One of the most important things you can do to help when introducing a stepparent as a positive and successful change for both your children and your new partner is to immediately establish how the family is going to operate from here on out. When you are still in the dating stages and not living with someone, they don’t have as much contact with your children and are likely not in a disciplinary role very often or at all.
It’s a good idea to call a family meeting and let your children know exactly what role the stepparent is taking in the family and what to expect. It may help to inform your ex as well so that he or she can be echoing your plan at his or her house as well.
When the new stepparent officially enters the family, he or she may feel like he or she needs to claim some space in the family and solidify his or her new role. This can mean that the fun-loving, friend-type person your children have known so far begins to take on a more direct parental role. It’s common for children to rebel against this and see it as a threat to the family structure as well as their other parent.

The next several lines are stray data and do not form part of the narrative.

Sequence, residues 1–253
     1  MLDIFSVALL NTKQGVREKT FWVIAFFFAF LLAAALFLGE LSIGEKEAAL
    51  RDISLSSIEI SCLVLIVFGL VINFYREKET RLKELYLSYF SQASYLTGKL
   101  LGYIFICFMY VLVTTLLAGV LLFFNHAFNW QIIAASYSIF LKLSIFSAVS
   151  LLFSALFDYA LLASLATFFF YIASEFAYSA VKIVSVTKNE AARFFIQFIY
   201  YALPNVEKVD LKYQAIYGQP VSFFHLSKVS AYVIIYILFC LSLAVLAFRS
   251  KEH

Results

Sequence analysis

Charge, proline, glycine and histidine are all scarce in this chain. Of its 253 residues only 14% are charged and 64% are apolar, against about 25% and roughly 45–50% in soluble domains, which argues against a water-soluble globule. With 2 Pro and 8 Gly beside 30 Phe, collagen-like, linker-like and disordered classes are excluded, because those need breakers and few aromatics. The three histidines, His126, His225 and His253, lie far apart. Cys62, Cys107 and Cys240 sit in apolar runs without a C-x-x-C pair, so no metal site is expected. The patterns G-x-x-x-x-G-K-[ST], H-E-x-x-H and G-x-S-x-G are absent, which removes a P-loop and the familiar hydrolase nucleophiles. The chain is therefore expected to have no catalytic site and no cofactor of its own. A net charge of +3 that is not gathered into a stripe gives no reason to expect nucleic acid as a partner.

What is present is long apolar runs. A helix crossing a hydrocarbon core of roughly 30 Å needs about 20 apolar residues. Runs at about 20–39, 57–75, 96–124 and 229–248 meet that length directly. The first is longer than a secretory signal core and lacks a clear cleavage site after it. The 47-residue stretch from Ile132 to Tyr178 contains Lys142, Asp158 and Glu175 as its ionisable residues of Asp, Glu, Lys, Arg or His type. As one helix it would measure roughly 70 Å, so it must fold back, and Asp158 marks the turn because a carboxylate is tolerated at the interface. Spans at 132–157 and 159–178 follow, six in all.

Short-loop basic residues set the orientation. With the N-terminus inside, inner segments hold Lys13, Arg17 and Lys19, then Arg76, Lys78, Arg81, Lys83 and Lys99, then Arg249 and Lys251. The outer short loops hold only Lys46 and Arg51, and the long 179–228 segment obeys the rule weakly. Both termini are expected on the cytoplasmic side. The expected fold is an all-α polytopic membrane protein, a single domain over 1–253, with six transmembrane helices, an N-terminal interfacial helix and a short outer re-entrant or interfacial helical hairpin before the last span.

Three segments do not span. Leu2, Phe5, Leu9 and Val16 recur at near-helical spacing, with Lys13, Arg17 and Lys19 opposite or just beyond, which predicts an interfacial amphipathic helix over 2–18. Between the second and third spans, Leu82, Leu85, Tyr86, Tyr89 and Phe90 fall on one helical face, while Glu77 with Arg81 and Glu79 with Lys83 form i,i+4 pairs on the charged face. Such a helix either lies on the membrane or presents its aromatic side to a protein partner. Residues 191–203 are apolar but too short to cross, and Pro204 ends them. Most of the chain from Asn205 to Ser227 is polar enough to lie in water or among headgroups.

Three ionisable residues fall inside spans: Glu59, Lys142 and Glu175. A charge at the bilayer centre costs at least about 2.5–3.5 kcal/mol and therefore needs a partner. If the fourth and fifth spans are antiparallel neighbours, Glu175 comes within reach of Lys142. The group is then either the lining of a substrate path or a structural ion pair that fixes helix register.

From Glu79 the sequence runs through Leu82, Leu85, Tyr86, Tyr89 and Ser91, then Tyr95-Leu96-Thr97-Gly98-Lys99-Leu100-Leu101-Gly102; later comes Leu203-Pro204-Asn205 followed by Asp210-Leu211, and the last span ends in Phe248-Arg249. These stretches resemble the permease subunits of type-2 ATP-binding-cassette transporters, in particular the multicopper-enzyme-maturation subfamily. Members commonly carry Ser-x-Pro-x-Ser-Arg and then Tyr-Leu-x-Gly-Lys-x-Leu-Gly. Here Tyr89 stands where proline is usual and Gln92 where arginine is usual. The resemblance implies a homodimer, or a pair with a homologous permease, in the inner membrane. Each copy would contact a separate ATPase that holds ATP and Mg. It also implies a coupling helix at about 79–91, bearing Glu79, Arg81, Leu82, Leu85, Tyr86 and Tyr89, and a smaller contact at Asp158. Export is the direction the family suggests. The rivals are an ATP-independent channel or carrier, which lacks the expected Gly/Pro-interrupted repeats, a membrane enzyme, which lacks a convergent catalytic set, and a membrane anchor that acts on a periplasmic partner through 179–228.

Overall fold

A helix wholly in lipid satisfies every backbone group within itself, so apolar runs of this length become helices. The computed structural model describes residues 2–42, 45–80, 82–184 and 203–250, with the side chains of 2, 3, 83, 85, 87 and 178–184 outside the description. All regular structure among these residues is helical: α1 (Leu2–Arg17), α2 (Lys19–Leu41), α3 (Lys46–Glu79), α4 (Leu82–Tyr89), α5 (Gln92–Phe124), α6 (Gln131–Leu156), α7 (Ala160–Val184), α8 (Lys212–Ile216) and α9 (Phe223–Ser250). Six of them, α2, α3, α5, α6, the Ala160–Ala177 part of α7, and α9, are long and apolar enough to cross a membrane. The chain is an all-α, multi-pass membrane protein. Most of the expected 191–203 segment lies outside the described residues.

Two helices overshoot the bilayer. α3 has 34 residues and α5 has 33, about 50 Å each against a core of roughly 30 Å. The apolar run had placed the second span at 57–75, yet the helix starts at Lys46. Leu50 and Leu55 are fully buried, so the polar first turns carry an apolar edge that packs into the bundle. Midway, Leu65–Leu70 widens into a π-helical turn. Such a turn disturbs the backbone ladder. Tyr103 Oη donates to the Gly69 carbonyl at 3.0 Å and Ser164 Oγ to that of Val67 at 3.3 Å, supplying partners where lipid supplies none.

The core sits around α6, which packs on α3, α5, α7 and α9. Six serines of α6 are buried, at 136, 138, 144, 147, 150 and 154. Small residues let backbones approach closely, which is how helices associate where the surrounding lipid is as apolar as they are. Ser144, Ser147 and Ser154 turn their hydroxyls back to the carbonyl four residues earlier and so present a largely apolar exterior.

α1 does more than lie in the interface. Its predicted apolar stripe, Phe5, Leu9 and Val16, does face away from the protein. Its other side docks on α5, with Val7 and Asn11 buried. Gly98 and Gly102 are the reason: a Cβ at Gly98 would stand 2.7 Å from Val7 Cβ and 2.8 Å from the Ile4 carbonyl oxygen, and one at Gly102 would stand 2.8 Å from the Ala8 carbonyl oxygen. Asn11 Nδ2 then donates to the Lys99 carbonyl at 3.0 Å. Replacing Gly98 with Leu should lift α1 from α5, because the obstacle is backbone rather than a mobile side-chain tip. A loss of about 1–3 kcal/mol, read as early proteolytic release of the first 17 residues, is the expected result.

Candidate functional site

It’s very important for all of the adults in the situation to respect your children’s need for time and space during this transition. Communication between you and your ex will probably need to be more frequent than it has been, as the children are likely to talk about issues differently with each parent. If communication gets closed off or becomes unproductive, it can mean other areas such as custody and visitation become problematic.
Source: The Step and Blended Family Institute, “The 10 Step Family Dragons,” Jeanette Lofas, accessed Oct. 09, 2015